Inside Kerrie Rodriguez’s tiny flower shop in southeast San Diego, a vibrant Día de los Muertos altar honors the lives of strangers, many of them victims of violence and crime.
The altar features photographs, candles, flowers and other colorful Day of the Dead decorations. The long-standing Mexican tradition, celebrated Nov. 1 and 2, is an act of remembrance, a celebration of life, a reflection on mortality.
Rodriguez, 24, never met the men, women and teenagers whose portraits are on display, but she knows the lingering pain their families feel. Her 23-year-old sister, Stephanie Rodriguez, was killed in a DUI crash in Chula Vista on New Year’s Day 2018. Stephanie Rodriguez was a passenger, her boyfriend the driver.
He was charged in the case, pleaded guilty and later was placed on probation at sentencing. He was sent to prison later when he picked up another DUI charge, to which he pleaded guilty, according to the county district attorney’s office.
For a second year in a row, Kerrie Rodriguez set up the altar in her Chollas View shop, Mums Flowers, to show families they are not alone, she said.
On a recent Thursday afternoon, mothers, fathers and siblings came together and placed the photographs of their loved ones on the altar.
“Sadly we all share the same pain,” said Ana Martinez, who left behind on the altar a photograph of her 21-year-old son, Fabian Cerda.
Folk artist Ofelia Esparza, L.A.’s most admired altar maker, reminds a somber city of the meaning of Día de los Muertos. Hint: It’s not Mexican Halloween.
Police allege Martinez’s estranged boyfriend fatally shot Cerda during an argument in El Cajon on Aug. 28, 2020. The boyfriend has pleaded not guilty to a murder charge.
For Martinez, the emotions are still raw.
“My situation is really, really tough,” she said.
Two months ago at work, she broke down in tears “out of nowhere,” she said. At first she didn’t know why, but when she looked at her cellphone, she saw the date. It was a year to the day since she had dressed her son’s body for his funeral.
Any time she hears about a death, she said, it takes her back to “Day 1.”
“It brings back all the pain,” she said.
Martinez built her own Day of the Dead altar in her home — for her son and other loved ones — but the one in Mums Flowers generated a sense of community that was comforting, especially among mothers who have bonded over their losses, Martinez said.
“Recently I thought I was going crazy. I was forgetting things again” — like her own address, she said. “I didn’t know that was normal until I asked somebody.”
The altar was organized with the help of community-based groups, including Union of Pan Asian Communities’ Community Violence Response Team and Mothers With a Message. Bevelynn Bravo leads both organizations, which support families of victims of violence and crime.
Bravo brought a photograph to the altar, too — a photo of her 21-year-old son, Jaime Bravo Jr., who was fatally stabbed outside a friend’s apartment in City Heights in 2012.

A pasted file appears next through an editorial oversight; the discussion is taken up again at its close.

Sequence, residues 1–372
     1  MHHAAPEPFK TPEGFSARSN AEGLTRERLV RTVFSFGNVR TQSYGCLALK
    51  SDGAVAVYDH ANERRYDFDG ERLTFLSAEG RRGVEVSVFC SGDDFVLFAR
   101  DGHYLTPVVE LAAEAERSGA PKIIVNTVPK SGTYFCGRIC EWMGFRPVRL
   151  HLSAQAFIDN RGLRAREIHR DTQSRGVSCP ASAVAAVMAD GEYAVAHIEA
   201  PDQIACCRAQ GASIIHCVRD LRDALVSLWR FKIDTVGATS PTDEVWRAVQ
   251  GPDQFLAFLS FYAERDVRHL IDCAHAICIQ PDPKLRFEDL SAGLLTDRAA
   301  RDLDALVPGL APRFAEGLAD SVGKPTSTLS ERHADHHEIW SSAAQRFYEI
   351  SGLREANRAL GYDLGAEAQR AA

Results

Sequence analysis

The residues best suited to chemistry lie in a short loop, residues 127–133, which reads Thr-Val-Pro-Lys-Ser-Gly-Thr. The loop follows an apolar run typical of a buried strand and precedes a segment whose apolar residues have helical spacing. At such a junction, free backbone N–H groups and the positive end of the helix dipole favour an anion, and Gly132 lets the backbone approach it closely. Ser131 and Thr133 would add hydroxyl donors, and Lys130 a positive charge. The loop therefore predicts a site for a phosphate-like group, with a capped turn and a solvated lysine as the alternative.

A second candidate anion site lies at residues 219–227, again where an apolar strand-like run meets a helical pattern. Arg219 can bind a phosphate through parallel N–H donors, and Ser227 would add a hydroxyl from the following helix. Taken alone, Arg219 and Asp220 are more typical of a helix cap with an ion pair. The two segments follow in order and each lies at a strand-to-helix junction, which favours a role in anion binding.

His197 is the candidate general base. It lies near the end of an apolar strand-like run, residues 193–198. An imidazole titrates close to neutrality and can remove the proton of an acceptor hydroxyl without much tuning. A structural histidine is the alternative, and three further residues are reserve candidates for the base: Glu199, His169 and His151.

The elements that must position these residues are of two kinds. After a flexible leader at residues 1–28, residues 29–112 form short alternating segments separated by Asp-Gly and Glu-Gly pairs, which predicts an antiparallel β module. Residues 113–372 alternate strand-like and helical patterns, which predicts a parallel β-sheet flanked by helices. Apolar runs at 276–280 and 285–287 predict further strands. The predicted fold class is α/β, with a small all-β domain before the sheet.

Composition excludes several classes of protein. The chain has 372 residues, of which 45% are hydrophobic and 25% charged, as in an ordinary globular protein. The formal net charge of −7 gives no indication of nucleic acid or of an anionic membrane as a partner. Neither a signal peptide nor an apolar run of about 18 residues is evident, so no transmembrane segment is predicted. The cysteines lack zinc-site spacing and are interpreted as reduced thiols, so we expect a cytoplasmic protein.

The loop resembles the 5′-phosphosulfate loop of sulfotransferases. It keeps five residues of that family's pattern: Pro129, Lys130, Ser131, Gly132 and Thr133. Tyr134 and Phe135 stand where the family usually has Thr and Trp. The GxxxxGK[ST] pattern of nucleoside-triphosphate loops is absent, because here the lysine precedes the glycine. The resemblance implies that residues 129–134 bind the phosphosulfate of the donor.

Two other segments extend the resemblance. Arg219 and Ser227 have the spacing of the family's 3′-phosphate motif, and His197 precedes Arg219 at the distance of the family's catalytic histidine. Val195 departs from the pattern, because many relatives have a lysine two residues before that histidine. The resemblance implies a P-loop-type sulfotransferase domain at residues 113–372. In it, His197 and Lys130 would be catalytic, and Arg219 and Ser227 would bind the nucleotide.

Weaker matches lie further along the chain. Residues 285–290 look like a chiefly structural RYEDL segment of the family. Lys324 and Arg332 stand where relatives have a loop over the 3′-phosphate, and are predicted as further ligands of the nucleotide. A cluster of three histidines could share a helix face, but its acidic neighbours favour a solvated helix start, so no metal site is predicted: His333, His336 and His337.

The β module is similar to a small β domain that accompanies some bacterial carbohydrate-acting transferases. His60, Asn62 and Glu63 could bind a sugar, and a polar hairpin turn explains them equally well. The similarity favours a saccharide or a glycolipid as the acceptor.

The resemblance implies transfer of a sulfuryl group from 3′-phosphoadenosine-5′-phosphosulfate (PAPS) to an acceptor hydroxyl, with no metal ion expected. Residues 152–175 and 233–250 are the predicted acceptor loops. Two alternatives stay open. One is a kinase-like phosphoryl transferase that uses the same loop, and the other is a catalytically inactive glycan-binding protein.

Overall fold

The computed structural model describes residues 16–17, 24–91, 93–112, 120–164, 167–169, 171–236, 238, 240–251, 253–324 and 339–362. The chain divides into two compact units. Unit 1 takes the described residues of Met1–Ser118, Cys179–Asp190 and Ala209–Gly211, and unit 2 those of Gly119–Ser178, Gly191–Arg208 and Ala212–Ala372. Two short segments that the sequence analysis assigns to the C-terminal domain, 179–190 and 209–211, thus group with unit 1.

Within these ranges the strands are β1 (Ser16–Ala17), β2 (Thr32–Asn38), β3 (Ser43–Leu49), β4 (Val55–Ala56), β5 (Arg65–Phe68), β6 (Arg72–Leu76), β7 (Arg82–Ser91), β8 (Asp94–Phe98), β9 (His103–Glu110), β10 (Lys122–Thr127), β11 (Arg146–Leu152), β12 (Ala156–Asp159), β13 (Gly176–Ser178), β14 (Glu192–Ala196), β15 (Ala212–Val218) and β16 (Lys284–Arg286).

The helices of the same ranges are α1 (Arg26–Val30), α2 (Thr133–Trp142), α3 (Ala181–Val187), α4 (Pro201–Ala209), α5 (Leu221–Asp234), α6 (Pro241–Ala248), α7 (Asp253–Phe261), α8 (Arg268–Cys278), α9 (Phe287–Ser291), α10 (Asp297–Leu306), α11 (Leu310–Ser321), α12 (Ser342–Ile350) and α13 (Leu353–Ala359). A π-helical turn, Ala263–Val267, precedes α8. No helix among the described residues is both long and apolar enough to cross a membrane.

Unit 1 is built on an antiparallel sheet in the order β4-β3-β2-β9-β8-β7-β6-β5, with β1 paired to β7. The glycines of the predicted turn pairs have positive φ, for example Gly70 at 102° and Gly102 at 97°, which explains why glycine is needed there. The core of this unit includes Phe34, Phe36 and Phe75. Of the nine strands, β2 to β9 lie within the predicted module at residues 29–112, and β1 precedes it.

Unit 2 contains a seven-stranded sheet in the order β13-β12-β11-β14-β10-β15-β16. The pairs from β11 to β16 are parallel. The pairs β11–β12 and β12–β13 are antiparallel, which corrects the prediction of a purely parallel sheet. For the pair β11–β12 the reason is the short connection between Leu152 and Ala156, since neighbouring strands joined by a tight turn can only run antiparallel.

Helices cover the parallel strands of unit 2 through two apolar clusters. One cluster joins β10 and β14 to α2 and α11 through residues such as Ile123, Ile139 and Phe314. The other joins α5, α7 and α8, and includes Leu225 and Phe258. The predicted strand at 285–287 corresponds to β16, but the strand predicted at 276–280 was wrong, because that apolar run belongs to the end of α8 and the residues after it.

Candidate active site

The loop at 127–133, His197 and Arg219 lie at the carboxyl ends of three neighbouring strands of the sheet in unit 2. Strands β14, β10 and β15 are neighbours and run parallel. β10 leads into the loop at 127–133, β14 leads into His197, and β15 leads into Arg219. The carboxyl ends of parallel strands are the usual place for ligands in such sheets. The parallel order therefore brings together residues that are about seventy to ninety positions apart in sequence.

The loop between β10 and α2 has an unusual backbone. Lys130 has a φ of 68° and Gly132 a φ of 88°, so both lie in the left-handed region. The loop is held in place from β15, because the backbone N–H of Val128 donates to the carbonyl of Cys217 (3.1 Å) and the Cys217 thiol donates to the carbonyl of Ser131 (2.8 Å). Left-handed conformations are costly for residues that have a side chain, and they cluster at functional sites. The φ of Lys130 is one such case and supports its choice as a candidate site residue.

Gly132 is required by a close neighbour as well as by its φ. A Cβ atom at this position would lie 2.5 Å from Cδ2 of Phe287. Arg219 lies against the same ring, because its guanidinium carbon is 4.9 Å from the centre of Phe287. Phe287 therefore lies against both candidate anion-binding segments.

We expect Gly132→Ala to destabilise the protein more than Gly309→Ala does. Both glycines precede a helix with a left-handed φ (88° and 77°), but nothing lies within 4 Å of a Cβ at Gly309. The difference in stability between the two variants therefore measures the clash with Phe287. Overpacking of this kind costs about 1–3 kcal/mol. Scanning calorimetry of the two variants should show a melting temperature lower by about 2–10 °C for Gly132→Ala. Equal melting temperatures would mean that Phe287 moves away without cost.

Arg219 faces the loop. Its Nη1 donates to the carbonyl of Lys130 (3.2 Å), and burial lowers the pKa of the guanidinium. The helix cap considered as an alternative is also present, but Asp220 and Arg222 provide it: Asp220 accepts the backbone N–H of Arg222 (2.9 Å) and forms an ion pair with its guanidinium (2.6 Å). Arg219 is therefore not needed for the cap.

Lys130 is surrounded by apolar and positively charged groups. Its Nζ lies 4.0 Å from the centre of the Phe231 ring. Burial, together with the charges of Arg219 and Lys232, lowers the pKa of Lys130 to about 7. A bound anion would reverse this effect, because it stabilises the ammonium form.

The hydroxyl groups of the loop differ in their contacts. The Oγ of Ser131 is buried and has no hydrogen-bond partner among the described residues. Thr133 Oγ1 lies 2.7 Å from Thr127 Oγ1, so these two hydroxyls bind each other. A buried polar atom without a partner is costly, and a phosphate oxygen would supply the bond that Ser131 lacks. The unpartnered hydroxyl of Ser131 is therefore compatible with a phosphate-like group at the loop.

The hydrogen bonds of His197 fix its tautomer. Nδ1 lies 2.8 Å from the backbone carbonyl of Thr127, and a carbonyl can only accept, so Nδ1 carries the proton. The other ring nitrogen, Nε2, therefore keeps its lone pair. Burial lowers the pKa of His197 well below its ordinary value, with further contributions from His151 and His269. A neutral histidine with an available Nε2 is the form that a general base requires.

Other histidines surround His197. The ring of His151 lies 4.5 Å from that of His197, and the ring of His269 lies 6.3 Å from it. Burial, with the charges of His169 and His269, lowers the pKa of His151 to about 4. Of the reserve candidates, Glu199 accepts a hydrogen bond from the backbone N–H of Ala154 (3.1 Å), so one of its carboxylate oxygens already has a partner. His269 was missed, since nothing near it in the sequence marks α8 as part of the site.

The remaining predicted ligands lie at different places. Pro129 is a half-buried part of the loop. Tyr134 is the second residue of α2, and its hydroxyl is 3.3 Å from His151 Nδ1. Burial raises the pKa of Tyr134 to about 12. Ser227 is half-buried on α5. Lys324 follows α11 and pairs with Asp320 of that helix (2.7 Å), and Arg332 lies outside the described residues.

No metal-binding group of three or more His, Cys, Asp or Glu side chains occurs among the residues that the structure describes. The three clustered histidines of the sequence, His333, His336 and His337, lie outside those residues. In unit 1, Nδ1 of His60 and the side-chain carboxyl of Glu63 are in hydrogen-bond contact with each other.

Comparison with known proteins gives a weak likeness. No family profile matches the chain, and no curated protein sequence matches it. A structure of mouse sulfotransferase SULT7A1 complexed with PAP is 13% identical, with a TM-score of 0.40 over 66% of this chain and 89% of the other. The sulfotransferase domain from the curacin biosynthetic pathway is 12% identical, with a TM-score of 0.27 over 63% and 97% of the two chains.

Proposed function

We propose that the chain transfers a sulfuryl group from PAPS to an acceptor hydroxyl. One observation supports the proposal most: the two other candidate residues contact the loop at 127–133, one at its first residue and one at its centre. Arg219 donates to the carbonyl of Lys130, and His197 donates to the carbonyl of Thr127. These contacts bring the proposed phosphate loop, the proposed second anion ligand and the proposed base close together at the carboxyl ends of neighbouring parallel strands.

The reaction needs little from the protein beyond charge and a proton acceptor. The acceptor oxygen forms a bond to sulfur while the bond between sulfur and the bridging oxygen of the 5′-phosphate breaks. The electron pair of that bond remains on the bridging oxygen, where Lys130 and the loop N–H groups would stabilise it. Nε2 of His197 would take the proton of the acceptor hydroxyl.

“When a loved one dies, especially in a tragic way, the world doesn’t stop, but for the families their world has come to a standstill. They are devastated and broken,” Bravo said. “To acknowledge their loved one is all they want. It is a form of showing love.
“Showing that you feel their pain and are coming together to lift them up is what we do in our community for one another. It is what we all should do when a young life is taken.”
After several years at the Sherman Heights Community Center, the altar was set up in Mums Flowers last year for the first time. Rodriguez said she was unsure if the COVID-19 pandemic would derail the tradition, so she welcomed the altar into her flower shop.
Nestled in a small shopping center on Market Street, Mums Flowers opened in 2019. It was born out of the loss Rodriguez’s family experienced. The flower shop’s name is a nod to the name her sister used for their mom.
After her sister’s death, Rodriguez’s family took flowers to the gravesite every weekend, Rodriguez said, but they soon realized it was an expensive ritual. It’s why she sells $6 bouquets at Mums Flowers.
“Being able to take your loved one a bouquet of flowers every week or every other week, it could get very expensive,” she said. “We know how it is.”
Every year, Mexican immigrants in California and elsewhere return to their hometowns for the Day of the Dead — many from indigenous communities that celebrate the holiday with elaborate traditions.
Located near three cemeteries, Rodriguez said she often bonds with customers who have lost a loved one. Some customers ask her if the faces on the altar were her family members, she said. She tells them they were community members, many of them taken too soon because of violence and crime, like her sister.
Rodriguez said she set up the altar for others, but it helps her, too.
“Just hearing other people’s story and knowing that ... I’m not the only one that’s gone through it, it helps,” she said, her voice quavering.
When she looks at the altar, the bright colors remind her of her sister, she said. “My sister was very extra,” she said as she chuckled.
Mums Flowers will host a candlelight vigil Monday at 7 p.m. The public is invited to bring a photo of a loved one.
Hernandez writes for the San Diego Union-Tribune.
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